The researchers collected data from the 2014 Medical Expenditure Panel Study. They focused on four common back problems: lower back pain, neck problems, spine degeneration, and internal disc disruption (IDD).
Based on their research, they discovered that overweight was a strong predictor of IDD and lower back pain. However, that was not the case in the other two back problems. What this means is that although some correlation exists, there are a ton of other factors that cause back problems. Otherwise, the results should have been identical for all four cases of back problems.
According to these researchers, weight is not the sole cause of lower back pain. It is more of a contributing or complicating factor rather than a cause. Therefore, if an individual already has herniated disc or spinal arthritis, being overweight only exacerbate these conditions.
As far as body mechanics were concerned, being overweight resulted in uneven distribution of weight. This aggravates the wear-and-tear that had already affected the person. Running is a great weight loss tool, but the lower back pain after running can cause a lot of discomfort. This makes staying motivated difficult proposing the question; should I run with lower back pain?
Back Problems Caused by Being Overweight
Regardless of the side, you are on, it’s evident that being overweight doesn’t help your back. Essentially, the back is a structure that anchors your body and influences movement. This structure is made up of a spinal curve and works effectively when in a neutral position.
When you’re overweight, any extra weight in your midsection causes your pelvis to shift forward. This, in turn, forces the spine to curve excessively in the forward direction. A condition referred to as hyperlordosis or swayback. Subsequently, this condition places undue stress on your back muscles. Which are then forced to shoulder the weight.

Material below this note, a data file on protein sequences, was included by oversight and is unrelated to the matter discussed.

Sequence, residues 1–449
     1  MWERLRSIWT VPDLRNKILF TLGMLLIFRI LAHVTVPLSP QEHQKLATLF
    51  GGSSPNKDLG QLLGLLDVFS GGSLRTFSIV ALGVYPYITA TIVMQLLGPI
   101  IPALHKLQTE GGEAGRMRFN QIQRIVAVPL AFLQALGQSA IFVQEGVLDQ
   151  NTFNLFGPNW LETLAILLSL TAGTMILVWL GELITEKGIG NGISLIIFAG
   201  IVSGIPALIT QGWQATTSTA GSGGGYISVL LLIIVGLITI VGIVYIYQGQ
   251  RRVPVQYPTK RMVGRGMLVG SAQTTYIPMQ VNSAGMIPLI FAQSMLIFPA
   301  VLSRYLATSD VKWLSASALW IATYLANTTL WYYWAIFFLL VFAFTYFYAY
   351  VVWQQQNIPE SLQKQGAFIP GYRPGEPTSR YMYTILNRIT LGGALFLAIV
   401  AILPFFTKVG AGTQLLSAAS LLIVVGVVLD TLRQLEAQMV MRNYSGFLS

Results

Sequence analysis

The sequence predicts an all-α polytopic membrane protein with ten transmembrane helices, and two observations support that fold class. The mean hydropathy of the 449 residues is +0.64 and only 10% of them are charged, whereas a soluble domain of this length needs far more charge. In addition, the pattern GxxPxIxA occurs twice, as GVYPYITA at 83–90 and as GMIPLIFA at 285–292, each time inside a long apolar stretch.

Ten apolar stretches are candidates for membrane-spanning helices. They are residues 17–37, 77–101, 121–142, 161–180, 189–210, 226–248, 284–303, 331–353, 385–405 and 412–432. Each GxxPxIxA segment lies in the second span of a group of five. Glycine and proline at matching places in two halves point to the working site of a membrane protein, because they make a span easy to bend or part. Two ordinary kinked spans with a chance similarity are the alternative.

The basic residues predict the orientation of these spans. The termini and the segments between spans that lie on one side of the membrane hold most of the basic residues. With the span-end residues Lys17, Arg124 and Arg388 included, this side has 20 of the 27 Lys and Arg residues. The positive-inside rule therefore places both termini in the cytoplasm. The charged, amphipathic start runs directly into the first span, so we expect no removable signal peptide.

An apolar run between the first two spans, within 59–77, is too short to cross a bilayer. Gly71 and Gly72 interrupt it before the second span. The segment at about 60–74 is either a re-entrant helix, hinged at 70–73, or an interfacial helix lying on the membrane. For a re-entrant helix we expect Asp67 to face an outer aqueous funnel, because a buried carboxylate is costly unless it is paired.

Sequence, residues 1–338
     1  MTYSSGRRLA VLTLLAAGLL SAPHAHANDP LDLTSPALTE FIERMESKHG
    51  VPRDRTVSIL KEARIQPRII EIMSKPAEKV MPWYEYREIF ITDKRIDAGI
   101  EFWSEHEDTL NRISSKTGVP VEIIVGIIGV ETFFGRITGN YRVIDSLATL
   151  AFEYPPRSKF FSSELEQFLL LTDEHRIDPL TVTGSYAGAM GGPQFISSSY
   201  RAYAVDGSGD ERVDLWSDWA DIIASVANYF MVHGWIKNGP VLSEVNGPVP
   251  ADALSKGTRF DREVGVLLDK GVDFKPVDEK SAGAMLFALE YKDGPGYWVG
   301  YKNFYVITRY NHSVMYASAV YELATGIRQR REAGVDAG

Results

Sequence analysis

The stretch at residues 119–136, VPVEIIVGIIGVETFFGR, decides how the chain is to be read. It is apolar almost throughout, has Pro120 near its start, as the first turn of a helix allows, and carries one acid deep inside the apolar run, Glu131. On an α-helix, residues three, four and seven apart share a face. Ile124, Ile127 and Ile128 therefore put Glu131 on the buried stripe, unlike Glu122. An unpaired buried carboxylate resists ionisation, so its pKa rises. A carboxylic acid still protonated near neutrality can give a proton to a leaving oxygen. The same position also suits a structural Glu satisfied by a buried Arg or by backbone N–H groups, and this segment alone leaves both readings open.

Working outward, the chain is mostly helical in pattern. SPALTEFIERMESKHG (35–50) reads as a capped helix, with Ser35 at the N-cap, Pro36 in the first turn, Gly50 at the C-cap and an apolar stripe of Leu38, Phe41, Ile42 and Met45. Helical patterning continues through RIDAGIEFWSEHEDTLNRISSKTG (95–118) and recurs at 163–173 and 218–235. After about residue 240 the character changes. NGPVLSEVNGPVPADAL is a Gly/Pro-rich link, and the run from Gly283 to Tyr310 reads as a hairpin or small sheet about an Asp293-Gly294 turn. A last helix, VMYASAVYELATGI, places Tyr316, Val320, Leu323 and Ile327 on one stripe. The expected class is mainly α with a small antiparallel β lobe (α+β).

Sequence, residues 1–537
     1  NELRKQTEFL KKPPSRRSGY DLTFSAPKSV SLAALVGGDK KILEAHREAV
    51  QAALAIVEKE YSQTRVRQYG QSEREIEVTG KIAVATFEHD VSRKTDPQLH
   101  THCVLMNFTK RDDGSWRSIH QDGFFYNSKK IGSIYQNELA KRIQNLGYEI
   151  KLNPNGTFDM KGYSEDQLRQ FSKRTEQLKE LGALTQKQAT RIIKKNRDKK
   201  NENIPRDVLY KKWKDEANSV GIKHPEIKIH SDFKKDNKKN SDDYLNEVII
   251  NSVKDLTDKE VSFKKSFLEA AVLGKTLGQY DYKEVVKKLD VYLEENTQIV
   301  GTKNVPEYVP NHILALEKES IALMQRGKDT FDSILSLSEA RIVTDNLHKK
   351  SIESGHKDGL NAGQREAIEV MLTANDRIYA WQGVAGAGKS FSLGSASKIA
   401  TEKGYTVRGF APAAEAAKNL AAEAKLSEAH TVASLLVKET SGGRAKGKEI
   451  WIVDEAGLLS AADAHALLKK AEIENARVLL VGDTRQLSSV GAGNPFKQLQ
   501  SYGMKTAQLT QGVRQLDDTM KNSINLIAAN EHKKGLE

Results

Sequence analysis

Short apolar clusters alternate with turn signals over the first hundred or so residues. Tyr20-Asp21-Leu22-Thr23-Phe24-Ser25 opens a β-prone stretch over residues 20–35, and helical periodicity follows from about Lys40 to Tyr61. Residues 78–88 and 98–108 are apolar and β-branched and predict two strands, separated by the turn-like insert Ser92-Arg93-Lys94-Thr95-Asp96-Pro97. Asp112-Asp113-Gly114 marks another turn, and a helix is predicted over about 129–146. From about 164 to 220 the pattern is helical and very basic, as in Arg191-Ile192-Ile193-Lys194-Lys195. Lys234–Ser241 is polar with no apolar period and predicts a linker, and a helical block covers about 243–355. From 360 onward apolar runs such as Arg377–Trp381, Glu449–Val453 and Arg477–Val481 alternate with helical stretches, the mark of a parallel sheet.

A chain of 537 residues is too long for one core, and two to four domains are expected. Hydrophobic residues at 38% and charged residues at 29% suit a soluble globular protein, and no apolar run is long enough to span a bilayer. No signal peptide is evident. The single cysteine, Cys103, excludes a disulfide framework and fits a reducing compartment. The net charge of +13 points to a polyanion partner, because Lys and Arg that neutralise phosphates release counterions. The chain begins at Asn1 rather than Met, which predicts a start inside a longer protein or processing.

So how to prevent lower back pain when running. One remedy for this is to perform exercises that reinforce your lower abdominal muscles. Though you have to be careful of getting shin splints. But it’s still better to lose that extra weight. Therefore, relieving the abnormal pressure being placed on your back and spine. Some of the back problems that you’re likely to experience if you’re obese include:
If you are overweight, there’s a high chance that the excess weight is exerting undue stress on your lower back and spinal system. However, this does not mean that obesity is the primary cause of pain in this area. We recommend getting checked out by a doctor, who will determine the underlying problem.
But even then, losing just 10% of your body weight goes a long way in preventing and easing back-related issues. And the good thing is that there are tons of ways to lose weight. Running is a great way to speed up weight loss. Invest in some quality cross training shoes and start a running workout. Diet is also a crucial part. Making changes to your diet and adding cardio is a good way to lose weight. Regardless of the option you have chosen, maintaining a healthy weight is one way to prevent lower back pain.